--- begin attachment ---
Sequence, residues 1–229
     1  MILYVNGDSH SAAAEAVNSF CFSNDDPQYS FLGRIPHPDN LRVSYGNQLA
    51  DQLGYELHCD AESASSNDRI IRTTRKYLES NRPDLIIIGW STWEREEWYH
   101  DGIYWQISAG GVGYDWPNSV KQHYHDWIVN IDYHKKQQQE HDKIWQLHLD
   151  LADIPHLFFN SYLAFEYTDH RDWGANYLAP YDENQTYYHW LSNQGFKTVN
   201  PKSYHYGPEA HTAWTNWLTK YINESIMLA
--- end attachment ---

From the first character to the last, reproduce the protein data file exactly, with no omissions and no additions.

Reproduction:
Sequence, residues 1–229
     1  MILYVNGDSH SAAAEAVNSF CFSNDDPQYS FLGRIPHPDN LRVSYGNQLA
    51  DQLGYELHCD AESASSNDRI IRTTRKYLES NRPDLIIIGW STWEREEWYH
   101  DGIYWQISAG GVGYDWPNSV KQHYHDWIVN IDYHKKQQQE HDKIWQLHLD
   151  LADIPHLFFN SYLAFEYTDH RDWGANYLAP YDENQTYYHW LSNQGFKTVN
   201  PKSYHYGPEA HTAWTNWLTK YINESIMLA